First passengers freed from coronavirus cruise Hundreds of Aussies with bags packed for Darwin flight
About 200 Australians aboard the cruise ship Diamond Princess are preparing to be flown to Darwin today. (Yomiuri Shimbun/AP) (AAP)
Thousands of people trapped on a cruise ship in Japan, including 200 Australians, have been released, as the Japanese Government deems two-week quarantine period onboard to be sufficient against coronavirus infection.
Passengers were released from the Diamond Princess today and moved onto Japan's national train network.
About 200 Australians aboard the Diamond Princess have their bag packed and are due to fly out tonight for Australian soil.
When they arrive, they will be evacuated to a former workers' site near Darwin to begin another two-week isolation period to prevent the potential spread of the virus.
Fifteen Australian passengers have declined the offer to be flown home.
Many of them are relatives of the 24 Aussies on the ship that tested positive for the virus and are being treated in Japan.
The evacuated passengers will be tested for the deadly virus five times before bunkering down at the Howard Springs facility.
One of the evacuees, Cathy Pfeffer - who has been quarantined aboard the ship with her granddaughter Tehya - told Today she was looking forward to returning to Australia after being away for six weeks.
"It's going to be great to get on to Australian soil again," she said.
Ms Pfeffer backed the stringent medical screening for evacuated passengers.
"I think that's really, really necessary because we've been on the ship for 14 days, I was tested last Friday, Tehya was tested two days ago.
"That's the only testing we've actually had while we've been on the ship."
Ms Pfeffer, who celebrated her 70th birthday aboard the ship, said the Diamond Princess's crew had treated them well.
"They've been supportive. Kept us up to date with everything. They've been very transparent."
The cruise liner - which has had more than 500 cases confirmed, including at least 16 Australians - has been quarantined at the port of Yokohama for more than two weeks.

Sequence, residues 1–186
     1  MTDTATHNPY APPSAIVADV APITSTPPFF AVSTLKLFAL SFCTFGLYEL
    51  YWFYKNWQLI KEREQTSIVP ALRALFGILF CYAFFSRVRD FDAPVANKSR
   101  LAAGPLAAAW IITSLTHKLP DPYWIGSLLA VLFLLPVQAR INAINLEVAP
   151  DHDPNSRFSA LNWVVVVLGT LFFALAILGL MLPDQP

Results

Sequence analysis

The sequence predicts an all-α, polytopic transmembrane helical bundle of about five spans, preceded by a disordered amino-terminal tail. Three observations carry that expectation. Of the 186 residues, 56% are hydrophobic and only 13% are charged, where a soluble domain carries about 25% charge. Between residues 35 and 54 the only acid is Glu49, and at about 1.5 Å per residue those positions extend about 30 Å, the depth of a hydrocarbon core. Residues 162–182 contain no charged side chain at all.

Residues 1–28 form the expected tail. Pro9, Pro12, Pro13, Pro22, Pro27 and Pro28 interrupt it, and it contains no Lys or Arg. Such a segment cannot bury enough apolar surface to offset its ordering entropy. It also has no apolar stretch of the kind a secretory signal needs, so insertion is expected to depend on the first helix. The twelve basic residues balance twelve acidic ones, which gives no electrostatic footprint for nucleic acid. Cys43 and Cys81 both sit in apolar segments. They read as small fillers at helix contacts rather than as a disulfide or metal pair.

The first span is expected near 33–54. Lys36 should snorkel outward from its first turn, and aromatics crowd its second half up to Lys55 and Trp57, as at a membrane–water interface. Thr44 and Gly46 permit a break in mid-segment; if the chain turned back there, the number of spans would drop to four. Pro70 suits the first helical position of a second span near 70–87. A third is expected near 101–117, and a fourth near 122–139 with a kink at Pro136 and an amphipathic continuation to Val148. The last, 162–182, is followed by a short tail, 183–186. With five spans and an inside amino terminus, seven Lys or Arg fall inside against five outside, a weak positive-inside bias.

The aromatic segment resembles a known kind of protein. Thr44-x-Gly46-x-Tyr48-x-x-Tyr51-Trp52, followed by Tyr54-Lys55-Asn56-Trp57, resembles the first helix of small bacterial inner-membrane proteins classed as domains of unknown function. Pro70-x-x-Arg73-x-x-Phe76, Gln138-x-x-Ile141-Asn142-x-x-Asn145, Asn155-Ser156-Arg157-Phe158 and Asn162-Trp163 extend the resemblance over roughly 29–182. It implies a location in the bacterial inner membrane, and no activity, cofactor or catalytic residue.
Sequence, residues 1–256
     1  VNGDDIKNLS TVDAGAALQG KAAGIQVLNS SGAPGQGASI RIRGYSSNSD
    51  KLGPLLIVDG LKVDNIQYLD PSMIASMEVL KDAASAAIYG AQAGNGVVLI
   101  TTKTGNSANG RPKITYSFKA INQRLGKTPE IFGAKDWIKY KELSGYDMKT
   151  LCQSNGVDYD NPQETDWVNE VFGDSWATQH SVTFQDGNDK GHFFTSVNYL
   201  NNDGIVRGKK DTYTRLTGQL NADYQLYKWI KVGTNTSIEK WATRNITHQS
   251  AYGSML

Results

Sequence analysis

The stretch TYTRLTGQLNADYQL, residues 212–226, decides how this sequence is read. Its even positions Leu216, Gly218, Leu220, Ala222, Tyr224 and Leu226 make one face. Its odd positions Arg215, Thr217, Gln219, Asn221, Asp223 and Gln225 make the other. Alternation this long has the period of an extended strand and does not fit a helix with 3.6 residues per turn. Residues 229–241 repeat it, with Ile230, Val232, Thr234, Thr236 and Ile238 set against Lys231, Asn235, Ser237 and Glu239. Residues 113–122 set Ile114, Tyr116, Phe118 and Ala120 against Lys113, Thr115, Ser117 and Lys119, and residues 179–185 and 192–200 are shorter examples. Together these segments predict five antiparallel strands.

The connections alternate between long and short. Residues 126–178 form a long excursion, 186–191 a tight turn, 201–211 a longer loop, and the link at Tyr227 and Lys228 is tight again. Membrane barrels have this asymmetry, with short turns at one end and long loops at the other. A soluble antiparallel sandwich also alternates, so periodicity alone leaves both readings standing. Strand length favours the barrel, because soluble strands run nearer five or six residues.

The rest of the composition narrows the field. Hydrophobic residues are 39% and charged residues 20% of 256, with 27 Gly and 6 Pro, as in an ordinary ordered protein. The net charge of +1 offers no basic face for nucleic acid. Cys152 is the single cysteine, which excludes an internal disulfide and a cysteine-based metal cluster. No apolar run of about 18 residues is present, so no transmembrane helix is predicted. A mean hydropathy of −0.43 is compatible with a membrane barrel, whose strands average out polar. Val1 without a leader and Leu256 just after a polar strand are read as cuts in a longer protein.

The Australian evacuees are facing extra time in quarantine due to the number of recent cases on the ship.
Australia's chief medical officer Brendan Murphy says the evacuees will have access to medical assistance 24/7.
"I can be absolutely confident that they will be very well looked after here, in much better facilities than being in a tiny cabin on a cruise ship," Professor Murphy said in Darwin.
The cruise ship evacuees will be kept separate from the hundreds of people already in isolation at the facility, who were evacuated from the Chinese epicentre of the virus.
Prof. Murphy has sought to alleviate concerns in the Darwin community, saying they will be completely protected from the disease.
Today's flight will also include New Zealanders, who will be transferred home after landing in Darwin.
Cabin crew of the Qantas flight will be subject to two weeks of home quarantine after returning from the rescue mission.
Meanwhile, the 36 people remaining on Christmas Island are also preparing to fly home today, after the majority of the quarantined group returned to the mainland on Monday.
After the final group leaves, the facility will be readied for the possibility of more Australians facing the two-week isolation period.
The federal government has put $2 million towards finding a vaccine for the deadly coronavirus, also known as COVID-19.
There have been 15 cases of the virus in Australia, with eight people now recovered and the rest in a stable condition.
There are now more than 72,000 cases worldwide, with 1868 reported deaths.